ART THEMEN QUINTET at Mycenae House
It’s a measure of the status of Art Themen in the pantheon of British jazz musicians that fellow artists will turn out to watch him at work wherever he plays.
At Mycenae House, he led his quintet in a barnstorming set for an audience that included fellow saxophonist Mark Lockheart, legendary singer Norma Winstone and ace trombonist Cliff Hardie.
And Themen didn’t disappoint as he and pianist John Horler, trumpeter Henry Lowther, bassist Dave Green and drummer Dave Barry proved that even though they are all well into their 70s they can swing as lithely as any youngster.
It helps, of course, when you have a rhythm section as great as this one, particularly given that Barry, a man possessed of a miraculous left hand, was a last-minute replacement for Trevor Tomkins who pulled out through illness the previous evening. Together with Horler and Green he laid down a groove which allowed Themen and Lowther to create the musical spells that left us all entranced.
Themen set out his irresistible stall from the start, opening with Bronislaw Kaper’s Invitation before swapping his tenor sax for a soprano in a stunning interpretation of Alice In Wonderland from the Disney film of the same name.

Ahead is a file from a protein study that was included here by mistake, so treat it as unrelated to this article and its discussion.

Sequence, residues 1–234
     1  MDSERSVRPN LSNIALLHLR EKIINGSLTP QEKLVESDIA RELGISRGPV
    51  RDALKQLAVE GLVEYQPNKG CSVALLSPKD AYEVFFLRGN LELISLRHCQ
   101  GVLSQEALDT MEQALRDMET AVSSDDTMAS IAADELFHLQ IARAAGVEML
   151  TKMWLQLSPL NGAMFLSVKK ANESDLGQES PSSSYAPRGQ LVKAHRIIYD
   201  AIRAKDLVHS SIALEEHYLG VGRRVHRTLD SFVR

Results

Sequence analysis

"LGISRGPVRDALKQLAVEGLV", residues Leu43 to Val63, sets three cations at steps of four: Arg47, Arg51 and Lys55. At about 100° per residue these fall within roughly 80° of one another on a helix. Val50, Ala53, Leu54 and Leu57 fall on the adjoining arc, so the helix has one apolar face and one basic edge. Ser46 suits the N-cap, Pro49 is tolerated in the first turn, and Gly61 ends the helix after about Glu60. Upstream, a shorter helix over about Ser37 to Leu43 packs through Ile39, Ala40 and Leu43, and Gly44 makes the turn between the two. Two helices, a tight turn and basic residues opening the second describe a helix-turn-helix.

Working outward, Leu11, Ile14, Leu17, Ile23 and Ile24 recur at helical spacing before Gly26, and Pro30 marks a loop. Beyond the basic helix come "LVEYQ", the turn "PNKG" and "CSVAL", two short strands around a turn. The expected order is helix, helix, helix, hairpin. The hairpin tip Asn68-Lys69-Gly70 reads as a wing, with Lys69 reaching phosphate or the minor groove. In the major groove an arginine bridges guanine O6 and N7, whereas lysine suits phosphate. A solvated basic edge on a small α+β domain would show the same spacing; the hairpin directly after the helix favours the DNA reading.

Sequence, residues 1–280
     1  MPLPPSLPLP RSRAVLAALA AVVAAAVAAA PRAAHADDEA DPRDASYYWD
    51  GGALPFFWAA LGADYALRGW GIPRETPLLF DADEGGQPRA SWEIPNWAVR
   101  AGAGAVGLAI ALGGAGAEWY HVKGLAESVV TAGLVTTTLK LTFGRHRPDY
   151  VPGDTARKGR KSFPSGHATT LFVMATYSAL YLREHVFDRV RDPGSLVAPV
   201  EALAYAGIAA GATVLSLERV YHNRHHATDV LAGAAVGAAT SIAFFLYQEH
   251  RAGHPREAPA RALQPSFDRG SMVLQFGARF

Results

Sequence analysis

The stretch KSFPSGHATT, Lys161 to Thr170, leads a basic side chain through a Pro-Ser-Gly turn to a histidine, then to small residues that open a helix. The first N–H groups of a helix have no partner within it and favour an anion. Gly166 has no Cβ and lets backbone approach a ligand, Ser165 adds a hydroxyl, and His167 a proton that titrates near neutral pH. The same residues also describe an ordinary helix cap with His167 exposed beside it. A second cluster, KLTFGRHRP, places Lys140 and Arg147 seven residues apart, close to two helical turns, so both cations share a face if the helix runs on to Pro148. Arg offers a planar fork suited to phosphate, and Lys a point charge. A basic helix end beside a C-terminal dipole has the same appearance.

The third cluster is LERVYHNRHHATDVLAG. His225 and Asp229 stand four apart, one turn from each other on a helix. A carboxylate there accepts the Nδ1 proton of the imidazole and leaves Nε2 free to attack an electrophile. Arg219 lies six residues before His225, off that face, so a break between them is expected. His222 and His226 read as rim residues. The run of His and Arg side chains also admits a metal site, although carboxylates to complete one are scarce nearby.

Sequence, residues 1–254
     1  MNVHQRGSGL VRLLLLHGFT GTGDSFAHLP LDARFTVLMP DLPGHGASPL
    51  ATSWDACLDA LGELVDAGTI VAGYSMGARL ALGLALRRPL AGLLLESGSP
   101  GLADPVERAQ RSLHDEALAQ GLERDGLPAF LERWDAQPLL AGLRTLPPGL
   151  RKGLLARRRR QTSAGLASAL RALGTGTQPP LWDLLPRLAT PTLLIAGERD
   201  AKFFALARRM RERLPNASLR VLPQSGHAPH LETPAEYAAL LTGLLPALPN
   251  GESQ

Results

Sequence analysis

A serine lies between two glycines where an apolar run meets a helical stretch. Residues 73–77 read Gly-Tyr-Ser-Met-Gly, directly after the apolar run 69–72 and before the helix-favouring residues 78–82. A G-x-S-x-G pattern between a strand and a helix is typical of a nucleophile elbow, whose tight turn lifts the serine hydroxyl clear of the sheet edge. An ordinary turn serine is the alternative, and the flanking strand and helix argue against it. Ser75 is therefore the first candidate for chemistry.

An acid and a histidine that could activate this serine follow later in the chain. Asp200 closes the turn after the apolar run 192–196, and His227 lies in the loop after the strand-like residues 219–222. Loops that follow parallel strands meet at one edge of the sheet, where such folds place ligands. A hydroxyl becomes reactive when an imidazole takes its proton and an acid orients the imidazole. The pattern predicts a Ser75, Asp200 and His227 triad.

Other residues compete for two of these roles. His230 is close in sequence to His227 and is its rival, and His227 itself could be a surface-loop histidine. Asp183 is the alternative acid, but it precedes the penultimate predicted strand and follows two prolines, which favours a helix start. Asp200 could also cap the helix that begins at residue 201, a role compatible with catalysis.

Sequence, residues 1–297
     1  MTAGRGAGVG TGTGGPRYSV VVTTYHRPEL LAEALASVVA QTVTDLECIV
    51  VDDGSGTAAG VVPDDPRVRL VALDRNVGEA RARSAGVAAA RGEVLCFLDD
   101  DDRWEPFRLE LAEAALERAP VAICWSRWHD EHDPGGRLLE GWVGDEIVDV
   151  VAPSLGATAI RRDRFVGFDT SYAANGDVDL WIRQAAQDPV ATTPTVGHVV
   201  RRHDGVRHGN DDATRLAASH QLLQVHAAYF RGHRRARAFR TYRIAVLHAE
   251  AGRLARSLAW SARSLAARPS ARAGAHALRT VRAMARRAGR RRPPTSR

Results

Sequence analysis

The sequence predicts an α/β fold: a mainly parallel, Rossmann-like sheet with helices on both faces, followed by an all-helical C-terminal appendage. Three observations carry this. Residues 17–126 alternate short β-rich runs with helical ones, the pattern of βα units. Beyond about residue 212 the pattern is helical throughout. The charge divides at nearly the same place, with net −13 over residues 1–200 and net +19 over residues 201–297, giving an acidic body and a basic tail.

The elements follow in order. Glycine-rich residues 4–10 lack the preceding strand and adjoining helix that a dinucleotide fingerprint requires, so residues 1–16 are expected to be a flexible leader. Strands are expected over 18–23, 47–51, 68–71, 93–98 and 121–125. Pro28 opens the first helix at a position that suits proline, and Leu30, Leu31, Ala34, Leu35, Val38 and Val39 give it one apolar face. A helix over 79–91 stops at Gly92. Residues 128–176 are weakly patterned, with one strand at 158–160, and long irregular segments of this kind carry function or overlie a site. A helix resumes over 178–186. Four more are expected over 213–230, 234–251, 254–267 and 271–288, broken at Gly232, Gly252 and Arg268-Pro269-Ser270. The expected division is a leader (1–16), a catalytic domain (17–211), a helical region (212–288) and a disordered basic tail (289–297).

The quintet followed this with a glorious version of Clifford Brown’s Joy Spring and closed the first half with Bob Haggart’s gorgeous ballad What’s New? and Dexter Gordon’s pulsating Hanky Panky.
Part Two began with Lowther’s fabulous arrangement of Gertrude’s Bounce by Richie Powell which was especially noteworthy for the trumpeter’s brilliant solo and the band’s perfect synchronicity for the clever fade-out ending.
Barry’s skill at combining the thunderous with the subtle was given full rein in Kenny Dorham’s Blue Bossa and Lowther showed off his lyrical side in John Coltrane’s Body And Soul. It also showcased Horler’s consistently mesmerising piano-playing and Green’s gift for exploring the extremes of the double bass’s upper registers without ever losing sight of his rhythmic responsibilities.
Being a sax player, Themen couldn’t play a set that didn’t feature at least one Charlie Parker tune and he took the final musical honours of the evening with a typically great solo in Bird’s mysteriously-named but magnificent composition Au Privave.
The audience rightly gave the quintet a rapturous reception. A similar ovation should also be extended to concert organisers Global Fusion Music and Arts.